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kottke.org posts about Toy Story

Pixar’s Fake Real Cameras

posted by Jason Kottke   Oct 03, 2019

Pixar is always trying to push the envelope of animation and filmmaking, going beyond what they’ve done before. For the studio’s latest release, Toy Story 4, the filmmakers worked to inject as much reality into the animation as possible and to make it feel like a live-action movie shot with real cameras using familiar lenses and standard techniques. In the latest episode of Nerdwriter, Evan Puschak shares how they did that:

As I learned when I visited Pixar this summer,1 all of the virtual cameras and lenses they use in their 3D software to “shoot” scenes are based on real cameras and lenses. As the first part of the video shows, when they want two things to be in focus at the same time, they use a lens with a split focus diopter. You can tell that’s what they’re doing because you can see the artifacts on the screen — the blurring, the line marking the diopter transition point — just as you would in a live-action film.

They’re doing a similar thing by capturing the movement of actual cameras and then importing the motion into their software:

To get the motion just right for the baby carriage scene in the antique store for TS4, they took an actual baby carriage, strapped a camera to it, plopped a Woody doll in it, and took it for a spin around campus. They took the video from that, motion-captured the bounce and sway of the carriage, and made it available as a setting in the software that they could apply to the virtual camera.

Now, this is a really interesting decision on Pixar’s part! Since their filmmaking is completely animated and digital, they can easily put any number of objects in focus in the same scene or simply erase the evidence that a diopter was used. But no, they keep it in because making something look like it was shot in the real world with real cameras helps the audience believe the action on the screen. Our brains have been conditioned by more than 100 years of cinema to understand the visual language of movies, including how cameras move and lenses capture scenes. Harnessing that visual language helps Pixar’s filmmakers make the presentation of the action on the screen seem familiar rather than unrealistic.

  1. Q: How do you know when someone has recently visited Pixar?

    A: Oh don’t worry, they’ll tell you.

Pixar’s AI Spiders

posted by Jason Kottke   Sep 06, 2019

As I mentioned in a post about my west coast roadtrip, one of the things I heard about during my visit to Pixar was their AI spiders. For Toy Story 4, the production team wanted to add some dusty ambiance to the antique store in the form of cobwebs.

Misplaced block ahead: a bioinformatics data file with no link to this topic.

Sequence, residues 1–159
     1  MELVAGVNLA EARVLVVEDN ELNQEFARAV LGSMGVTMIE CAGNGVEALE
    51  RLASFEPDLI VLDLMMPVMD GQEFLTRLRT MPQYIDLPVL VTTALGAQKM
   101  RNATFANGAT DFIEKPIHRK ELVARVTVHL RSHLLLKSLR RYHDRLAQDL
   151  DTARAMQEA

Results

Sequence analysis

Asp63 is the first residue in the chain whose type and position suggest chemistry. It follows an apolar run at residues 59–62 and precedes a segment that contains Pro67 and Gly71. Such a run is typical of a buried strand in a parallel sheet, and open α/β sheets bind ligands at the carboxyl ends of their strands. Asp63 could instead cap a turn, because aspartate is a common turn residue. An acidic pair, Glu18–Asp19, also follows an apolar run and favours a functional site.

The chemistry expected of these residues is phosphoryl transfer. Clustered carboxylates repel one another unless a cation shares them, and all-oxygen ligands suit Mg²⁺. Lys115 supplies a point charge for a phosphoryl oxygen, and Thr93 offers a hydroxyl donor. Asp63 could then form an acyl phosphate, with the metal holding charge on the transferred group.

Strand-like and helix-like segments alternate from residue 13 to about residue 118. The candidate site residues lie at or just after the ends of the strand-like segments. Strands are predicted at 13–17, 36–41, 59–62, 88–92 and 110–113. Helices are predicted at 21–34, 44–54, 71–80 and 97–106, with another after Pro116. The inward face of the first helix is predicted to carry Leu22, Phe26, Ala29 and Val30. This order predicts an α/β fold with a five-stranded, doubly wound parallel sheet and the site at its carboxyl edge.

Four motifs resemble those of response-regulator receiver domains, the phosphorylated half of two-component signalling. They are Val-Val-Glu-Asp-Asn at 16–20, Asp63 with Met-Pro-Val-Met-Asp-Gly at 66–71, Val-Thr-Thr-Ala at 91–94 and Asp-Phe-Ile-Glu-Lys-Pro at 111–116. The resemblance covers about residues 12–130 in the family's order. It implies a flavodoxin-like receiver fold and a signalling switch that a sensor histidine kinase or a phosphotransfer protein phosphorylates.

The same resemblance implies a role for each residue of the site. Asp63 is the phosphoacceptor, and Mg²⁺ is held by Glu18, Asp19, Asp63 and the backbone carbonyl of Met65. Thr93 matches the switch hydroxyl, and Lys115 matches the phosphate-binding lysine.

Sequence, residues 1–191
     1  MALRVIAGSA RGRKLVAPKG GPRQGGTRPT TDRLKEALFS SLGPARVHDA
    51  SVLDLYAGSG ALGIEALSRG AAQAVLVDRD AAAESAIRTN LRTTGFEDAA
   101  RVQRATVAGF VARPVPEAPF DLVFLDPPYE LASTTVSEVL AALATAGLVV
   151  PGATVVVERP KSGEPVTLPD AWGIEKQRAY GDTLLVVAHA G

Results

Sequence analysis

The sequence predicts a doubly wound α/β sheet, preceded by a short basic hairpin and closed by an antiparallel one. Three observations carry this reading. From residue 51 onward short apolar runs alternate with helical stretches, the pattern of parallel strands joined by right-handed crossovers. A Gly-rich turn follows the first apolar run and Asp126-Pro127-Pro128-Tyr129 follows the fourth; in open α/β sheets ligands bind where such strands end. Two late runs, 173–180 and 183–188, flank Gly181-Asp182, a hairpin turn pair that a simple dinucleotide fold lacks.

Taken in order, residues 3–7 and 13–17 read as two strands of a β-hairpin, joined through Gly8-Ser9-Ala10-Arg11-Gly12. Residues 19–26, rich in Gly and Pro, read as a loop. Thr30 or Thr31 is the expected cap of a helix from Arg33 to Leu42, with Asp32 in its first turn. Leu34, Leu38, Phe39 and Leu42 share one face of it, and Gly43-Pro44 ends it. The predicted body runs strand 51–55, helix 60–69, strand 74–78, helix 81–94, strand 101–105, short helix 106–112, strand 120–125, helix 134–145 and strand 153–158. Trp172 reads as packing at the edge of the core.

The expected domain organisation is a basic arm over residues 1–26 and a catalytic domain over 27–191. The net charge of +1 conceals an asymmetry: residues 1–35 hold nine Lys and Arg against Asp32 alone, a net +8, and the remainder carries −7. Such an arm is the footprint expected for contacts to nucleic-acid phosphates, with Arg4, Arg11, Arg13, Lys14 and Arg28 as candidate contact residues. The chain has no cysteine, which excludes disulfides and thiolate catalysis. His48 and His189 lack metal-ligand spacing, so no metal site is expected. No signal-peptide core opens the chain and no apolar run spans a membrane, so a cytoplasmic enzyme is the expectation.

Toy Story Cobwebs

Rather than having to painstakingly create the webs by hand as they’d done in the past, technical director Hosuk Chang created a swarm of AI spiders that could weave the webs just like a real spider would.

We actually saw the AI spiders in action and it was jaw-dropping to see something so simple, yet so technically amazing to create realistic backgrounds elements like cobwebs. The spiders appeared as red dots that would weave their way between two wood elements just like a real spider would.

All the animators had to do is tell the spiders where the cobwebs needed to be.

“He guided the spiders to where he wanted them to build cobwebs, and they’d do the job for us. And when you see those cobwebs overlaid on the rest of the scene, it gives the audience the sense that this place has been here for a while.” Without that program, animators would have had to make the webs one strand at a time, which would have taken several months. “You have to tell the spider where the connection points of the cobweb should go,” Jordan says, “but then it does the rest.”

Chang and his colleague David Luoh presented a paper about the spiders (and dust) at SIGGRAPH ‘19 in late July (which is unfortunately behind a paywall).

A Shot-By-Shot Remake of Toy Story 3 by Two Teen Superfans

posted by Jason Kottke   Sep 10, 2018

Since 2011, brothers Morgan and Mason McGrew have been working on a shot-by-shot recreation of Toy Story 3. They’ve built sets, borrowed garbage trucks for scenes, and spent hundreds and hundreds of hours shooting stop motion animation of their army of Toy Story dolls & action figures. They’ve made enough progress on the film to release a trailer and it looks great!